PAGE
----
First repeat viewing of the year (but not last of the month), mainly because I recently signed up to Amazon Prime in Spain (it’s so cheap, about a quarter of the UK price! (and also why I tried Jack Reacher, come to think of it, and it was watched in a similar manner)), and it is funny from time to time. Woody Harrelson has that easy charisma, Jesse Eisenberg has that easy annoyance, Emma Stone is, an, actress who plays the love interest, Abigail Breslin is– Little Miss Sunshine, fucking hell, I’d never have guessed. Bill Murray delivers maybe the all-time most knowing cameo in cinema history. Plays the tropes well, it’s acceptable air-filler.
Another spur-of-the-moment retread courtesy of online streaming. Viggo Mortensen is really good, but my reaction now is exactly as it was ten years ago: that the film is tonally weird, with Naomi Watts’ soapish home life so flat it could be a photo, while all the other gangsters play it so over-blown you could be watching a scenery eating contest. Parts of the script are just clumsy, much of the cinematography is drab, yet whenever Mortensen in on screen he’s fascinating. Apart from in the completely nothing final shot, which sums up the film really, since it doesn’t do what it ought to, for me.
It must be twenty years since my first and only previous viewing, and my recollections of The Deer Hunter were about 80% accurate. I “remembered” a tidier version of Cimino’s film, one that was maybe half an hour shorter and which ended on the striking symbolism of Mike’s sparing the buck, rather than having that moment preceed his return to Saigon to rescue Nick. Still, an engrossing film. The ensemble cast embodying small-town life are excellent, and in the first Vietnam face-off the presentation of traumatic emotional damage by John Savage, Robert De Niro and (especially) Christopher Walken is pretty devastating.
Michael Keaton plays the man who founded– well, actually, the man who found McDonald’s and started turning it into what it is today. An entertaining biopic that deftly manages to avoid coming across as a total corporate promotional tool by progressively souring its central subject, a salesman whose admiration for a genuinely good thing never fully overcomes his avarice.
Huh. I just realised that, apart from the first, every film in this list came courtesy of Amazon Prime – guess I’m the corporate tool…
An interesting true crime documentary (as it turns out) about the disappearance of a Dutch expat who vanished from a remote, almost deserted village in the North-west of Spain, leaving his bewilder-stricken wife alone with their only neighbours: an ageing family of four whom they had gradually fallen out with over the years… Mostly composed of intimate interviews with the apparent widow and, surprisingly, those neighbours, the film achieves a very personal atmosphere which gradually expands to reveal not so much facts as implications. The end result is a slow, sad, painful story of a sweet dream realised, and then destroyed.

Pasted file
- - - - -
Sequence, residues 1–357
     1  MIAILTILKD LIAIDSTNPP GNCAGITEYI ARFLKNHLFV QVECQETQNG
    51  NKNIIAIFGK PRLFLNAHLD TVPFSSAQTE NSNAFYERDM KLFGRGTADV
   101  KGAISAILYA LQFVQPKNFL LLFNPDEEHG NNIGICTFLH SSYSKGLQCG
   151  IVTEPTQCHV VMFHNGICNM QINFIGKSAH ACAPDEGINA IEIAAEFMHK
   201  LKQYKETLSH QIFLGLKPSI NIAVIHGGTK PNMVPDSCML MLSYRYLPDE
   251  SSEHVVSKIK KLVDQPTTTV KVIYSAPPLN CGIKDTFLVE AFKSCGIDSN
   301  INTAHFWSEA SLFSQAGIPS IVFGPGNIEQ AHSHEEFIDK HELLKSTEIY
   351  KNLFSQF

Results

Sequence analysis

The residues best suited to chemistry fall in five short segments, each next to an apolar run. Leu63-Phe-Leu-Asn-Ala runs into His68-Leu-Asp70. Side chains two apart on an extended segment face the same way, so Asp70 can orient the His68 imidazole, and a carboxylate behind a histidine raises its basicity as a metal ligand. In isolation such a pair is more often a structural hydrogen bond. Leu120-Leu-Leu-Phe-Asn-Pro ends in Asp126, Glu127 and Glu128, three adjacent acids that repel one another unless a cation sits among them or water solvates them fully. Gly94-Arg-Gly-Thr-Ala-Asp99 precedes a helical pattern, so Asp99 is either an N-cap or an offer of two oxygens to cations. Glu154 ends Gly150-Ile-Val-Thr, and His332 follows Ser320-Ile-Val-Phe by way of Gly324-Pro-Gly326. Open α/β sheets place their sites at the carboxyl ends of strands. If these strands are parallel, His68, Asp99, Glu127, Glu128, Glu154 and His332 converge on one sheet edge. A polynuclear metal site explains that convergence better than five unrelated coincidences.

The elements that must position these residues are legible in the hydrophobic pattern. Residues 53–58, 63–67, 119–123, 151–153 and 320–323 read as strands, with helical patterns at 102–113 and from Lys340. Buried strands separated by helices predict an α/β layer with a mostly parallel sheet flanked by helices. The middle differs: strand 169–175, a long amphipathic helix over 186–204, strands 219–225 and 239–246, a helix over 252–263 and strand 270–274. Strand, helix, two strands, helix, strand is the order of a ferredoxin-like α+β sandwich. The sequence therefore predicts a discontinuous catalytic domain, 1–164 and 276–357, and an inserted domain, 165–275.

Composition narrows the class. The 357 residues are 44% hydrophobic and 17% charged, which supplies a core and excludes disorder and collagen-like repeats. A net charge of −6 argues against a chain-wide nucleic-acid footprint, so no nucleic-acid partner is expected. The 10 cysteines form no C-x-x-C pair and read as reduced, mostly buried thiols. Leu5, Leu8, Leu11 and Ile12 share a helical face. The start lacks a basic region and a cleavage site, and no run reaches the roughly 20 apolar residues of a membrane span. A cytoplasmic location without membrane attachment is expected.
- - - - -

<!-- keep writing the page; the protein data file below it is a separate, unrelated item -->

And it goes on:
I found Public Enemies almost entirely unengaging. Maybe the first and final five minutes were okay (noticeable that supporting characters are critical to the action at both ends – Depp and Bale do not work Michael Mann’s De Niro/Pacino magic here), but the rest was a great big nothing, starting with a script that would be most easily delivered by ventriloquist dummies, given how jaw-droppingly obvious every other line of dialogue turned out to be. And while sometimes it had a certain visual style, more often I felt like I was watching a TV show. Yeah, not good at all.
My god, it’s good. It’s so good. It’s non-stop good. I remember laughing at this when I was, I dunno, eight or ten years old, and over three-quarters of my life later I’m still just pissing myself for an hour and a half. This time around I revisited a major juvenile crush on Julie Hagerty (actually all the cabin-crew turned off my no smoking sign), and was extra happy to discover that, I think, I’d only ever seen a slightly-sanitised-for-British-TV version in the past — one of the suicides seemed new anyway. Top five comedy movie? I’m deadly serious. And don’t call me Shirley.
Is it possible that I’d never actually seen this movie before? Of course, I knew the story back-to-front as if I had, but throughout I found myself uncertain. Watched in the present climate, it’s occasionally hard to not see in Glenn Close the embodiment of something Hollywood wouldn’t try to get away with any more, but there’s a brittleness to her performance that expresses a mostly unspoken backstory of pain in a very effective way. And Michael Douglas’s lead finds a balance of sympathetic and contemptible weakness that makes his culpable victim an interesting focus.
Twenty movies down, countless more to come. Here’s the first ten, in case you’re interested.